The Myers-Briggs Personality Type That Makes The Most Bank
Are you an ENFP? I don’t know if I am or not; that was my result when I took the test in high school, but after reading BF pal Sarah Seltzer’s piece in Wired this morning, I took two quick online tests and got two vastly different results. Well, first I read my monthly horoscope. (Susan Miller reports that she is waiting until June 27th to buy her Apple watch, just FYI.) Then I took two Myers-Briggs tests because it’s a rainy Monday, and I’m still recovering from the weekend wedding.
What information did I glean from all of this? That I am relatively credulous, though also skeptical; that it gives me comfort to feel understood; that I like it when “experts” purport to tell me about myself.
A recent report from Truity Psychometrics purports to shed some light on how personality influences our careers — whether certain kinds of people make more money, why certain kinds of personalities tend to end up in that nice corner office, and so on. Using the world’s most popular personality test, the Myers-Briggs TypeFinder, Truity surveyed a representative sample of 25,759 people about their personality and work history and compiled the results in an infographic laden report.
The results in Personality Type & Career Achievement don’t demonstrate that personality is destiny, but they do show that certain personality types are linked to more financially successful and personally rewarding experiences in the workplace. For example, here’s how certain personality types come in on the income scale (introverts, unfortunately, don’t do particularly well in this ranking).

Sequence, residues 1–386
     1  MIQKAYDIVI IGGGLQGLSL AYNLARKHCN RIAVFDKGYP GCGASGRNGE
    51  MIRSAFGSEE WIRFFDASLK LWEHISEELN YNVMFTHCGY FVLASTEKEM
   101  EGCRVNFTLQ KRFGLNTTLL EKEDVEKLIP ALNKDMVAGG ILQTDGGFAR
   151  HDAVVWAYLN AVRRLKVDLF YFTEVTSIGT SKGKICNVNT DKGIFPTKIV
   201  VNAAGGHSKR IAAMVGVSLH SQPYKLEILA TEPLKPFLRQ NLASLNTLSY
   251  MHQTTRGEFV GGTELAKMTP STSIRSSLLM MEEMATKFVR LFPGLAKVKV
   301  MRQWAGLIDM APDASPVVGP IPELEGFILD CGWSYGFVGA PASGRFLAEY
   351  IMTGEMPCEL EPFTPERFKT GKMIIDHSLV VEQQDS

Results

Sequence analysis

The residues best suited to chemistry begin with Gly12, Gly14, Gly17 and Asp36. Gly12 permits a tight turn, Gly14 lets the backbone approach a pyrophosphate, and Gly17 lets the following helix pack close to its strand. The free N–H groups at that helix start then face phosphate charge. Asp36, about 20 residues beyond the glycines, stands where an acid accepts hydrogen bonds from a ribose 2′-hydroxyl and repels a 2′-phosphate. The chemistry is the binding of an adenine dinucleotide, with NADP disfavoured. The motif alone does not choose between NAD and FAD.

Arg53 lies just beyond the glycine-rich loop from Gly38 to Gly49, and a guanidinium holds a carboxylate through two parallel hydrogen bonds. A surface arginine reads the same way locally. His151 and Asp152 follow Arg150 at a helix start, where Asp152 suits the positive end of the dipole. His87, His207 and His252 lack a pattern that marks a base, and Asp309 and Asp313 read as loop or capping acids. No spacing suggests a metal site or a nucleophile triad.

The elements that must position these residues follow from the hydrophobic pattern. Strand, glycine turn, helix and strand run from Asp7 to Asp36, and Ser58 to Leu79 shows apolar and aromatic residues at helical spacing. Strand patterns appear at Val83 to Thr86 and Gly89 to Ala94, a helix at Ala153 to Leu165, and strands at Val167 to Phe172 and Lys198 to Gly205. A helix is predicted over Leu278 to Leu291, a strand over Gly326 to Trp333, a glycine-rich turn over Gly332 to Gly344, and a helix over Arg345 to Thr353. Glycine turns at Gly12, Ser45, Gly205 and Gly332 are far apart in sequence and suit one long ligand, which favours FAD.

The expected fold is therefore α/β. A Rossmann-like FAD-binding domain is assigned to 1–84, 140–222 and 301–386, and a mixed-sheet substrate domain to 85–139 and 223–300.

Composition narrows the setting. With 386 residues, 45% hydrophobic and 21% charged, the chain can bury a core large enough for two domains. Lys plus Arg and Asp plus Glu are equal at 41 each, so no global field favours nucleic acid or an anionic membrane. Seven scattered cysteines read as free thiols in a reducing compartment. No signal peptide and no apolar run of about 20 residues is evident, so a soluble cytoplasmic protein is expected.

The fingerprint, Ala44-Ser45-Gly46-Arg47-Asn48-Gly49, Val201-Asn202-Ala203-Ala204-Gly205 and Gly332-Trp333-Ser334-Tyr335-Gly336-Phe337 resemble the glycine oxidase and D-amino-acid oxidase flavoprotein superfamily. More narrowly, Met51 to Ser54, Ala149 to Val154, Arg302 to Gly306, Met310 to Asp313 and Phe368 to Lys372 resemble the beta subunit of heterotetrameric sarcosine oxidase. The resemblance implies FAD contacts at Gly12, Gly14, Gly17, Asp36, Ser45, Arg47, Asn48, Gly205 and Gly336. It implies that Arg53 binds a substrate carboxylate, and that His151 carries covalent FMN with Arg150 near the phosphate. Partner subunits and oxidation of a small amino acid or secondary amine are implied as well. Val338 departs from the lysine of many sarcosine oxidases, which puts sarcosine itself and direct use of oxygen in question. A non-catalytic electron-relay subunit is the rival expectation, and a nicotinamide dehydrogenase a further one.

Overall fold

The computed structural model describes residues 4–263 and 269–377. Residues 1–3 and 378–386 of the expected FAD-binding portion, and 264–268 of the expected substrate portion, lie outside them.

When it comes to financial success, extroverts are king of the world. Here are the results, in graph form:
Who are the ENTJs and ESTJs who are making so much than the rest of us? Well, the ENTJ explainer page on the 16 Personalities site explains that the personality type is called “The Commander” and it begins with an inspirational quote from Steve Jobs, so that ought to give you some idea.
Famous ENTJs include Margaret Thatcher and FDR.
it’s no wonder that many of America’s presidents have been ESTJs. Strong believers in the rule of law and authority that must be earned, ESTJ personalities lead by example, demonstrating dedication and purposeful honesty, and an utter rejection of laziness and cheating, especially in work. If anyone declares hard, manual work to be an excellent way to build character, it is ESTJs.
Famous ESTJs include George W. Bush, Nancy Grace, Judge Judy, and Boromir from Lord of the Rings.
The skeptic in me says: Did these celebrities actually take the Myers-Briggs test? How do we know that Marilyn Monroe was an “Entertainer” — do we simply assume she was, because it works best with our understanding of her?
The believer in me says: Cool! If I make more than $47,000 a year, I’ll be doing better than average. That’s not a terribly high bar to clear. And also: my skills are not those generally rewarded by the marketplace. Maybe I knew that already but it’s kind of reassuring to be reminded.